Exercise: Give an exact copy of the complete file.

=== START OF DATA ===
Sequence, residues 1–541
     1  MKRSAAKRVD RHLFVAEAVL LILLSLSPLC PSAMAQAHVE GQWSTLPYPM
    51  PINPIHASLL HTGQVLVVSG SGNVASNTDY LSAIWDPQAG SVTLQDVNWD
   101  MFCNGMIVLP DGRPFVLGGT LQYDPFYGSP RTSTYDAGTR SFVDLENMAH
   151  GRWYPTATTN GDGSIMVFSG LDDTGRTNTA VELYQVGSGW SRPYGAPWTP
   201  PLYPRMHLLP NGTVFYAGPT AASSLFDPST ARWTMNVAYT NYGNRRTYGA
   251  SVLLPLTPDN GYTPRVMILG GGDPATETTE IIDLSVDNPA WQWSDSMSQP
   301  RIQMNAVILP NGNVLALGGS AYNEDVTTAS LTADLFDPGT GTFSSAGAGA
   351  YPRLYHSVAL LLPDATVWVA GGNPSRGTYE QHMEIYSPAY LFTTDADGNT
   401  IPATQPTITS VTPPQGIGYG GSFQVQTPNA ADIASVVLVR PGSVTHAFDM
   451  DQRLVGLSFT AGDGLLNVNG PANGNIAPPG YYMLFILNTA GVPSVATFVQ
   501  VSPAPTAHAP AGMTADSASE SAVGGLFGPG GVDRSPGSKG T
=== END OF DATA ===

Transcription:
Sequence, residues 1–541
     1  MKRSAAKRVD RHLFVAEAVL LILLSLSPLC PSAMAQAHVE GQWSTLPYPM
    51  PINPIHASLL HTGQVLVVSG SGNVASNTDY LSAIWDPQAG SVTLQDVNWD
   101  MFCNGMIVLP DGRPFVLGGT LQYDPFYGSP RTSTYDAGTR SFVDLENMAH
   151  GRWYPTATTN GDGSIMVFSG LDDTGRTNTA VELYQVGSGW SRPYGAPWTP
   201  PLYPRMHLLP NGTVFYAGPT AASSLFDPST ARWTMNVAYT NYGNRRTYGA
   251  SVLLPLTPDN GYTPRVMILG GGDPATETTE IIDLSVDNPA WQWSDSMSQP
   301  RIQMNAVILP NGNVLALGGS AYNEDVTTAS LTADLFDPGT GTFSSAGAGA
   351  YPRLYHSVAL LLPDATVWVA GGNPSRGTYE QHMEIYSPAY LFTTDADGNT
   401  IPATQPTITS VTPPQGIGYG GSFQVQTPNA ADIASVVLVR PGSVTHAFDM
   451  DQRLVGLSFT AGDGLLNVNG PANGNIAPPG YYMLFILNTA GVPSVATFVQ
   501  VSPAPTAHAP AGMTADSASE SAVGGLFGPG GVDRSPGSKG T